Lake Victoria’s fish stocks are struggling to keep up with demand. For instance, stocks and catches of Nile perch have reduced, from 340,000 tons in 1990 to about 251,000 in 2014. Though there’s no official figure, from our discussions with fisheries stakeholders we know that the tonnage on the Kenyan side now stands at about 99,000.
Nestled between Tanzania, Uganda, Kenya, Burundi and Rwanda, millions of people depend on the lake. In 2010 there were about 42.4 million and it’s projected that by 2030 there will be almost double – about 76.5 million. About 3 million people rely directly on fisheries for food, and about 30 million from the East African region rely on them for their livelihoods.
There’s also international demand for the Lake’s fish. Catches of leading commercial species – Nile perch and Nile tilapia – are now primarily caught for export, mostly going to Europe and Asia.
These challenges to natural fish stocks are compounded by over-fishing and illegal and unregulated fishing activities.
In our research, we argue that cage aquaculture or farming, where fish are raised and harvested in a netted enclosure in an existing water system, could provide an alternative to how fish are produced. This could increase fishery production without damaging wild stocks.
Cage farmers in Kenya – where most of Lake Victoria’s cage activity is based – currently produce about 40,000 tons of fish per year. By comparison, 99,000 tons of wild fish were landed in Kenya in 2016.
Catching wild fish, with nets or lines, and cage farming are the only two ways fish are harvested from the lake. But for both production mechanisms to remain in harmony, there needs to be proper regulations on cage farming. These will improve coordination and collaboration between everyone involved, and ensure that the harvesting of fish is done without harming the environment.
Cage farming is when a netted enclosure is suspended in an aquatic environment – like a sea or lake. This enclosure houses fish or other aquatic products.
In the case of Lake Victoria, it’s been there for about 13 years and involves private sector players, development agencies – like the EU funded cage farming project – and small-scale fisheries.
Today cages are concentrated along the Kenyan side of Lake Victoria. And the industry is quickly gaining ground. Currently, there are about 4,000 cages of varying sizes, but mainly of 2 by 2 by 2 square metres in the lake under 60 different owners. Most of the cages are individually owned (62%), while groups (38%) own others.
As an alternative to traditional pond culture systems on land, cage farming can overcome some of the conventional fish farming constraints. This has helped it to grow in popularity.
There’s very high production of fish per unit volume of water
Relatively less investment is needed per unit of production compared to pond or land culture. The cost of starting up a cage industry – including cage material, feeds, fingerlings, security, a boat for accessing the cages, and labour – can range between US$4,300 to US$590,000. There is a huge variation in cost because the cages, source of materials and size of the operations vary greatly.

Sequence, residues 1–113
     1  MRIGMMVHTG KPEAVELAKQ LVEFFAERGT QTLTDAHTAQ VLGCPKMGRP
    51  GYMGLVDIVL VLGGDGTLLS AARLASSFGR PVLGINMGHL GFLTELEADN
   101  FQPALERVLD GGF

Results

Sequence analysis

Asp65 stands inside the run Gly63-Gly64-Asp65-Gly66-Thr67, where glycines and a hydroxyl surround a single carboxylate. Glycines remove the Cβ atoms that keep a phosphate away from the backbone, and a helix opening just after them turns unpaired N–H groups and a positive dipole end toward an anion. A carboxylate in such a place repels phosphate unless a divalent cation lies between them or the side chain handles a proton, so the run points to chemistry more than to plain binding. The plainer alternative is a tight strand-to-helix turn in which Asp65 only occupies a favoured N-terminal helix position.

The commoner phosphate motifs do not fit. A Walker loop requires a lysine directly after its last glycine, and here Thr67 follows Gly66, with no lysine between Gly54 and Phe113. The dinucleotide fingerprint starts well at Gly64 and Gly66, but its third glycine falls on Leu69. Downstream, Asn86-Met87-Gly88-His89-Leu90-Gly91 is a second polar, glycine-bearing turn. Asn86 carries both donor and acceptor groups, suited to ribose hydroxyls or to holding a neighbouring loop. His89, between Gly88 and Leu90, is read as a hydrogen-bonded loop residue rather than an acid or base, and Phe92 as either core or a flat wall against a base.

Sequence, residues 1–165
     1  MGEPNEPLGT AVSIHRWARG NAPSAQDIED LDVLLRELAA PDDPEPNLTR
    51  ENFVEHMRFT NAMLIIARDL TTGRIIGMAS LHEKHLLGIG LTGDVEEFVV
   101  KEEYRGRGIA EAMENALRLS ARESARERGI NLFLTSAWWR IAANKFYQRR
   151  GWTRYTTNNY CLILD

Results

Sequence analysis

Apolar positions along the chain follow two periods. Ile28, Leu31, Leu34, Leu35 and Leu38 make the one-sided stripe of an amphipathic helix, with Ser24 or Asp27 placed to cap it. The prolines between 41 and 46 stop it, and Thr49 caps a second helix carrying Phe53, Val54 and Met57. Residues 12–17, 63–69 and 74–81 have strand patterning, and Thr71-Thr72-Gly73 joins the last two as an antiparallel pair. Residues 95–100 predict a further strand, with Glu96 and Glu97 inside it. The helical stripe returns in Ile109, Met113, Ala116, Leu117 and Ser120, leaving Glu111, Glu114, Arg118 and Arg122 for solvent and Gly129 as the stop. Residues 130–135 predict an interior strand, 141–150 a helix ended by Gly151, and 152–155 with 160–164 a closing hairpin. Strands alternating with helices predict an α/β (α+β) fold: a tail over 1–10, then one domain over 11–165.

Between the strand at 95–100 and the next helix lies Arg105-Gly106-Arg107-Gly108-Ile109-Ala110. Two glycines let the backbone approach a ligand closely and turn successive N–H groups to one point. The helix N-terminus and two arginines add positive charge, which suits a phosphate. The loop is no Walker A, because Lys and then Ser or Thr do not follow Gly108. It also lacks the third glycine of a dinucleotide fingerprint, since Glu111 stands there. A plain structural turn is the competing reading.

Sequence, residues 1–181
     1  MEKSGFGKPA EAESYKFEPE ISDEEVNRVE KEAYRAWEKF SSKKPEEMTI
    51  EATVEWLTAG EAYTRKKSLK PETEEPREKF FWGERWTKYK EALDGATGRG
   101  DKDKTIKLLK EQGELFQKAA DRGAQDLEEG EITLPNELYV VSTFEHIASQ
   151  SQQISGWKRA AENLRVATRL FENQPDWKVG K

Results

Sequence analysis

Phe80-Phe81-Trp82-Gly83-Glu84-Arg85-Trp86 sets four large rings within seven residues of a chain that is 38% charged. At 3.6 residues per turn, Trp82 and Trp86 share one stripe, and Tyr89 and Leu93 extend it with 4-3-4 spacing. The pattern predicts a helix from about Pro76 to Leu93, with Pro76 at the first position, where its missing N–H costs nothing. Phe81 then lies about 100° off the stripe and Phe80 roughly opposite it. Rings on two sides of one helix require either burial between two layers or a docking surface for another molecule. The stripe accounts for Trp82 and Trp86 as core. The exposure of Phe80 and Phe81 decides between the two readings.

Use of existing water bodies reduces water demands on land and also means the industry is less affected by drought.
Ease of relocation of cages from one site to another and there’s also ease of accessibility for operational practices, such as feeding and cleaning the nets.
Ultimately, the profitability of cage farming depends, among other things, on which species is cultured, management level, input costs, and market prices.
But cage farming does have its challenges – and so it’s vital that proper policies are in place to address these.
Farmed fish may also escape and interact with other fish in the wild which can spread disease and parasites.
These impacts can, in turn, decrease local catch of wild fish, creating a conflict between cage culture and fishermen. This is already a delicate situation because of competition over lake space.
It’s important that proper regulation is put in so that cage culture reduces poverty, provides food and boosts the income of the fishers, while reducing pressure on capture fisheries.
Guidelines by the East African Community for cage farming already exist, but these must be enforced and other regulations developed. These include:
Moving the cages to deep waters (about 10 metres depth) where there’s more oxygen and the flow of water helps them to “self-clean”
Farmers must have access to mapping tools so they know the right place to install their cages. This will protect navigation of other boats, and natural fish breeding zones and fishing areas to avoid conflicts.
Cleaning cage netting regularly to avoid fouling and clogging.
Use of floating feeds to avoid excessive accumulation of uneaten feeds.
Develop business plans for cage enterprises to track their operations, monitor progress, and make adjustments for improved performance.
Involve a good number of vulnerable communities – like women – by giving them start-up capital
Insuring operations against risks and losses.
With this proper regulation, Lake Victoria’s fisheries stand a good chance of increased production without damaging wild stocks or the environment.